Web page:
Tony Snow: He chokes up talking about his colon cancer in first televised briefing. Packed house. What a difference.

SHARE Tony Snow: He chokes up talking about his colon cancer in first televised briefing. Packed house. What a difference.
SHARE Tony Snow: He chokes up talking about his colon cancer in first televised briefing. Packed house. What a difference.

Blogger Sweet reviews the first televised briefing hosted by new White House Press Secretary Tony Snow . If I may borrow a thumb from colleague Roger Ebert, I’d rate briefing one a thumbs up.

The briefing room was packed. That’s reporters in most of the 48 seats arranged like in a small theater plus people jammed in the aisles.

Snow, fresh from Fox News, is extremely telegenic. In a personal aside, Snow fights back tears talking about his colon cancer. He starts to choke after being asked about a yellow bracelet he is wearing. He stops talking to try to regain his composure. I wonder if he is about to cry.

A line from a movie is floating through my mind.

“There’s no crying in baseball.” (From “A League of Their Own”)

There’s no crying in the White House.

Summary: What a difference.

Use of language: Good.

TV presence: Obvious.

Willing to spar: Yes

Able to give pushback: Yes

Over apologetic: Yes, after he presumed Senate will pass an immigration bill.

The ability to say the same thing over and over, phrased differently: Yes.

Robotic: No. Quite a contrast for the man he replaced, Scott McClellan.

Affable: Yes

Ability to try to intimidate: Yes. In a curt reply to a gadfly talk show host. McClellan would always take his questions. Even though today’s question was not all that nutty, Snow’s reply was a shot: mostly icy silence and a refusal to engage.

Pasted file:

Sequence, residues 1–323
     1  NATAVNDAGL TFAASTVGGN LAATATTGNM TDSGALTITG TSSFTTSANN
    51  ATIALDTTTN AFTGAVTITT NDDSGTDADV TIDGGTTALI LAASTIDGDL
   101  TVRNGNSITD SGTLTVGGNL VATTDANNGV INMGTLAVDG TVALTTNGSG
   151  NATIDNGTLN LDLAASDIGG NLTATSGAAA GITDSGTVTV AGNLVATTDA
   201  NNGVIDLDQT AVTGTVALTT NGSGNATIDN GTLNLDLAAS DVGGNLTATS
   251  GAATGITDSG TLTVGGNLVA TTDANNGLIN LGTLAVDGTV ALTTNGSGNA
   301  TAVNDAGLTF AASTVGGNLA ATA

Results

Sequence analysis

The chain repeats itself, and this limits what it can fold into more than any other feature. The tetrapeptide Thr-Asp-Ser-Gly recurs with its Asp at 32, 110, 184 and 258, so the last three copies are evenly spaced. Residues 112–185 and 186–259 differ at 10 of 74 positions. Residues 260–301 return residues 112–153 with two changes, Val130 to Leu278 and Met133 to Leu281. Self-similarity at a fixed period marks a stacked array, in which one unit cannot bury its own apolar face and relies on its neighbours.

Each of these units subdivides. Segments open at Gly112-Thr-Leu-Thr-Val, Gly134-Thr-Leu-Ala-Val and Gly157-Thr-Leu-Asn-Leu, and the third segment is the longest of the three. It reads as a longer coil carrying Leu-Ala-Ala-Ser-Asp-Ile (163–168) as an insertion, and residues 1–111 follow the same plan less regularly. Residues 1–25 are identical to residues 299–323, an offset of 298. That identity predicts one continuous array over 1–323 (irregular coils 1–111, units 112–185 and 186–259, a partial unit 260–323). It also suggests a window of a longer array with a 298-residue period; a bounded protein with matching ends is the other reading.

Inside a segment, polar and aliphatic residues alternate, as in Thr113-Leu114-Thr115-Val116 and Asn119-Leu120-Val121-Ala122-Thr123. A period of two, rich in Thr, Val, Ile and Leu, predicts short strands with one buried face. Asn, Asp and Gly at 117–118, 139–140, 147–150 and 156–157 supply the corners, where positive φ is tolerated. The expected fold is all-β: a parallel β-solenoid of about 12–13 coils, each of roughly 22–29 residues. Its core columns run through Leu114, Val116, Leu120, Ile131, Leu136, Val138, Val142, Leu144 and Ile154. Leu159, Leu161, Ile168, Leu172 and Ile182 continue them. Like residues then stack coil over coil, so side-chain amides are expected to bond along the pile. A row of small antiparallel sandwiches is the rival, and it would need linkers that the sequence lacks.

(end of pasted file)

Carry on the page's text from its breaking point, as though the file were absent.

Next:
from the Snow briefing…

Q And just a second question. Why did you choose to wear the yellow bracelet today? What’s the importance to you?

MR. SNOW: Well, I had cancer last year. You know, I mean, in having cancer — you know, it’s one of these things — and, you know, thank Terry Hunt for having provided it. I lost my old one when I was in the hospital having my last cancer surgery.

It’s going to sound stupid, and I’ll be personal here, but — (pause) —

Q Tony, I’m sorry.

MR. SNOW: No, no. Just having gone through this last year — and I said this to Chris Wallace — was the best thing that ever happened to me. (Pauses.)

It’s my Ed Muskie moment. (Laughter.)

I lost a mother to cancer when I was 17, same type — colon cancer. And what has happened in the field of cancer since then is a miracle. I actually had a chance to talk today with Lance Anderson about this. Because you know what, it’s one of these things where — whatever we may say about a health care system, the technologies that were available to me, that have me standing behind this podium today — well the doctor who said, “You don’t have to worry about getting cancer, just heartburn talking to these people” — (laughter) — that’s a wonderful thing. And I feel every day’s a blessing. (Scattered applause.)

The Latest
Carvana’s license to operate in Illinois was suspended after consumer complaints. The Illinois Secretary of State’s office said some buyers are waiting four to six months for proof of vehicle ownership.
An analysis of readings from newly-installed air sensors across the city found portions of Little Village, Austin, Englewood, Auburn Gresham, Irving Park and Avondale have the highest levels of particulate matter pollution — a known cause of serious health problems.
Chicago history plays a key role in a new musical from Annabelle Lee Revak.
The company, headquartered in Chicago, did not immediately detail terms of the agreement with the Food and Drug Administration, which has been investigating safety concerns at the firm’s Sturgis, Michigan, plant.
The Sky are coming off two wins against the Liberty and the Lynx who have a combined record of 1-7. This week’s road games, against the Storm and Mystics will be a measuring stick